Micropsychoanalysis: a psychoanalysis “under a microscope” - logo

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The practice of micropsychoanalysis requires long and specific training, dictated by the Commission for Practice of the International Micropsychoanalytical Society (SIM, Société Internationale de Micropsychanalyse). It implies that a micropsychoanalyst must comply with the laws of the country where he or she practices.

Before starting the training, the candidate must have gone through an in-depth personal micropsychoanalysis, followed by a sedimentation period of about one year. During this sedimentation period, the candidate begins to get familiar with the work of Sigmund Freud and he must have completed an internship in psychiatry.

The didactic analysis is carried with a didactician and a micropsychoanalyst receives training, lying on the couch, in two steps.

1) The first step is the didactic micropsychoanalysis. The candidate continues deepening his or her personal analysis, while acquiring a theoretical, clinical and technical formation. The didactic analysis is done in three tranches and takes minimum three years.

  • The candidate starts by re-taking up the core themes, the neurotic fixations and the repetitive patterns of his or her life (including transference), by integrating them with clinical evidences and with metapsychology notions.
  • A systematic and comparative study of about ten of his or her dreams will allow the candidate to visualize the dimension of the unconscious, with its laws and characteristics.
  • The third tranche is dedicated to the listening of audio-recordings of some sessions that have marked his or her personal micropsychoanalysis: the candidate directly faces free associations, with their mysterious and laborious dynamics, the overdetermination, the resistances, the transference, the parameters of neurosis; the candidate gets familiar with the fluctuating attention; he learns when and how to make an intervention.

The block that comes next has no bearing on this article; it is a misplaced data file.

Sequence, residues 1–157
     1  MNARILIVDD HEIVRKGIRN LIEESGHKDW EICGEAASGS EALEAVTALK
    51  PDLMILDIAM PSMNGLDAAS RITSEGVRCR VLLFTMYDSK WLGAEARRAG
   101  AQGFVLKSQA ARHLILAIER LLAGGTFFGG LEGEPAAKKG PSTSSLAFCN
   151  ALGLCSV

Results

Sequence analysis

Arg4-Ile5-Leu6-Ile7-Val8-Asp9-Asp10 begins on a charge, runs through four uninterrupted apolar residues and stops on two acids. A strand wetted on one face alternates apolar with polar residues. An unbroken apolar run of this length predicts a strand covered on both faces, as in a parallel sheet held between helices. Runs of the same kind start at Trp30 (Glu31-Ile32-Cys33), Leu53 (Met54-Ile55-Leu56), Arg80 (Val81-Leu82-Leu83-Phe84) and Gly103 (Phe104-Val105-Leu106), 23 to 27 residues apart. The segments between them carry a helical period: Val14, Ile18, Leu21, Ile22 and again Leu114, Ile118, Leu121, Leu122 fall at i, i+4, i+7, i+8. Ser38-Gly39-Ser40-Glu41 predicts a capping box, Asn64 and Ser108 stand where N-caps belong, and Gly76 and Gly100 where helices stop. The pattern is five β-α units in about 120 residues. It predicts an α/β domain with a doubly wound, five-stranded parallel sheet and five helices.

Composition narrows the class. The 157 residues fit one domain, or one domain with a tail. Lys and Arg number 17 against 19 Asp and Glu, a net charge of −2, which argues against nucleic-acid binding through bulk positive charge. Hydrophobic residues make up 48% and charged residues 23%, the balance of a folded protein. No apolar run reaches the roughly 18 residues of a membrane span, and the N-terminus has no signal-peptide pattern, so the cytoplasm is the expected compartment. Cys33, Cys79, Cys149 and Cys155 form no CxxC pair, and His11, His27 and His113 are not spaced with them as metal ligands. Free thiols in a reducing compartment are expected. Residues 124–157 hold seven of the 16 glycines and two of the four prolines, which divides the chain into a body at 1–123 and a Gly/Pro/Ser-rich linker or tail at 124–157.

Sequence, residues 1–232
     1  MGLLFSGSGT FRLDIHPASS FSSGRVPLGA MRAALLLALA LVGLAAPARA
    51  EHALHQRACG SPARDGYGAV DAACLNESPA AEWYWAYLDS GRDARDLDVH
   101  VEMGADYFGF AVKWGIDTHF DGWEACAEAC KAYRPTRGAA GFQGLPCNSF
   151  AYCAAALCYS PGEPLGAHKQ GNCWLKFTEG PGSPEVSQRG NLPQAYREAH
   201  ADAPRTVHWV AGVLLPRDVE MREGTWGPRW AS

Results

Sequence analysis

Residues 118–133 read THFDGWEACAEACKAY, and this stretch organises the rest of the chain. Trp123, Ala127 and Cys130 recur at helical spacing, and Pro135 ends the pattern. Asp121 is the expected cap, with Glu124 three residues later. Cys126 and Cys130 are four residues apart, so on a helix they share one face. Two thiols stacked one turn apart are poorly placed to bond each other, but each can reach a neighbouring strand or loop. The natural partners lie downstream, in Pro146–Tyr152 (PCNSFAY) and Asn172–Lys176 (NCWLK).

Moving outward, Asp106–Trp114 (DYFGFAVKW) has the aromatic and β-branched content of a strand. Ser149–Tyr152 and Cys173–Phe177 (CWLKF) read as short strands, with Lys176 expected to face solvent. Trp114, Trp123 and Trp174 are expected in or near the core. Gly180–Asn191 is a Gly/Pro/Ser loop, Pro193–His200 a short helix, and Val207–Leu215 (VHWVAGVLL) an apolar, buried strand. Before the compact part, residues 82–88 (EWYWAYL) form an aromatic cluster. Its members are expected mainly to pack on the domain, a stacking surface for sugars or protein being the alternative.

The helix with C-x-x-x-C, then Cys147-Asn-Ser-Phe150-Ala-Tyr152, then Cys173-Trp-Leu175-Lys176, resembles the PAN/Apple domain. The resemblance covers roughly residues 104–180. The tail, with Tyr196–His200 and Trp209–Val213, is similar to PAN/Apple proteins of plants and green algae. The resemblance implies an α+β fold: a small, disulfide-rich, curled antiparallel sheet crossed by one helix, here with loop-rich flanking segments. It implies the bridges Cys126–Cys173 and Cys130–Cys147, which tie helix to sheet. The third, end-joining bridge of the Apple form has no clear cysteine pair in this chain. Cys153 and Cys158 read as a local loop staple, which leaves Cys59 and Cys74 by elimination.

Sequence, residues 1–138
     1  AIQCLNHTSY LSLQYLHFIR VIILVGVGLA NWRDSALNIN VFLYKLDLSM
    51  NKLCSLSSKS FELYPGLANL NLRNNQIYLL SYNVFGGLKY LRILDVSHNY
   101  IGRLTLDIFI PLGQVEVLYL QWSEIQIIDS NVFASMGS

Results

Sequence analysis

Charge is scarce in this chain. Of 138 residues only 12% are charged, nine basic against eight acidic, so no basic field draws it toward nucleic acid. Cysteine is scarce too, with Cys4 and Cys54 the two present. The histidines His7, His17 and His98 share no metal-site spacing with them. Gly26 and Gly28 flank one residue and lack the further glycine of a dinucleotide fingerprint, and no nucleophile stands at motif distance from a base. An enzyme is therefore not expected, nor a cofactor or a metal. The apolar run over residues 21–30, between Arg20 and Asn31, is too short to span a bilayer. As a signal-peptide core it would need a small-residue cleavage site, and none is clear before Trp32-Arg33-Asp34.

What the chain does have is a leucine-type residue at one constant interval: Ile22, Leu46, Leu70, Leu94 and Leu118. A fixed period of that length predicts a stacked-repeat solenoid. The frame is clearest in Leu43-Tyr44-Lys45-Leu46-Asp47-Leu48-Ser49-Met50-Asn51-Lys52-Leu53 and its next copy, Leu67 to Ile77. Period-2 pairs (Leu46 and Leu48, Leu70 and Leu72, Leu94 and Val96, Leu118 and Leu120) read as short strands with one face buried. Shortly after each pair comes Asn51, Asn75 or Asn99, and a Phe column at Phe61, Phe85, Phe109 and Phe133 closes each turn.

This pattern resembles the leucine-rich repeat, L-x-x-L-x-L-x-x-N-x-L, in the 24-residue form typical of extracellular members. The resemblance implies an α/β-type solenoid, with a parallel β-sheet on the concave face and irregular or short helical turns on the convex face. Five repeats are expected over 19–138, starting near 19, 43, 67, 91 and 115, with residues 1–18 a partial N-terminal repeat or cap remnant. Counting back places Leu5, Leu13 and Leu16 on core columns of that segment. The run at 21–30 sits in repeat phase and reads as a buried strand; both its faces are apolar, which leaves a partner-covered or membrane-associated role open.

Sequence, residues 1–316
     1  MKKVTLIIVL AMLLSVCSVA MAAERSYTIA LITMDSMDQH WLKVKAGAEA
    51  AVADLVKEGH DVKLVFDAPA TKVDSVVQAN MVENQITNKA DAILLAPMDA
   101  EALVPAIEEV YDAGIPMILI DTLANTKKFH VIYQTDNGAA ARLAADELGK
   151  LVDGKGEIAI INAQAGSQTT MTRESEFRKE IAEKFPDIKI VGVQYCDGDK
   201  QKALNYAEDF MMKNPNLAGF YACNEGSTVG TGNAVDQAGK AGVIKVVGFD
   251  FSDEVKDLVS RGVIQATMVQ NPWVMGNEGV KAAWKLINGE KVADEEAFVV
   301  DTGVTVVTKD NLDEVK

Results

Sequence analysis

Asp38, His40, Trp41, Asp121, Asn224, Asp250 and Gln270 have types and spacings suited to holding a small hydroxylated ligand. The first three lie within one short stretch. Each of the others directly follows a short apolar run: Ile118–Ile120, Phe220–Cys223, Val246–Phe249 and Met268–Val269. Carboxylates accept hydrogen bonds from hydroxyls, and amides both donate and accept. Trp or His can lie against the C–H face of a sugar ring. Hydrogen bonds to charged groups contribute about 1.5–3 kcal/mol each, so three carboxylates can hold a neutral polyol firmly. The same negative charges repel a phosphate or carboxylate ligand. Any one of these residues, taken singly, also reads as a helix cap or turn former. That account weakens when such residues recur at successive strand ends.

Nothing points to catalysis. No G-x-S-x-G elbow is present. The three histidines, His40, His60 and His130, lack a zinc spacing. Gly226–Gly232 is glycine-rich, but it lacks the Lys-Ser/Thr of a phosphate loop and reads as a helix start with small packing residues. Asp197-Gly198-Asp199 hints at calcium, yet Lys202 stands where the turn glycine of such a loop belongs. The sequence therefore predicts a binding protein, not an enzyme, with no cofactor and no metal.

During the training, the candidate acquires a knowledge of others psychoanalytic and psychopathologic approaches.

2) The second step is related to the control sessions that the candidate regularly performs during the first two thousands hours of practice. This is not just about case presentation, but it implies the development of the fundamental rule, the elaboration of the parameters of neurosis and the transference; for what concerns the analyst, such clarification leads to focus on the counter-transference and the interventions. As soon as the beginner micropsychoanalyst has completed two thousand hours of sessions under control (of which two complete micropsychoanalyses), he or she has to present a dissertation in front of the Commission for the Practice of the International Micropsychoanalytical Society, in order to obtain the title of full member ('membre titulaire').



Listening to audio-recordings:
practical work of the future micropsychoanalyst

This is a crucial aspect for the practical training of a micropsychoanalyst: the candidate listens, while on the couch, his own associations, audio-recorded during his or her previous sessions.

He or she learns to recognize and understand the associative chains of the session material, in particular, to follow the dynamics of free associations and to identify the themes that define the neurosis. He or she pays attention to the silences and their quality, to the repetitions and their context, to the rhythm and the tone of voice, to the emotional discharges, as well as the fluctuations of transference.

This is the moment when the analysand becomes ultimately his or her own analyst and where he acquires the tools for practicing this profession.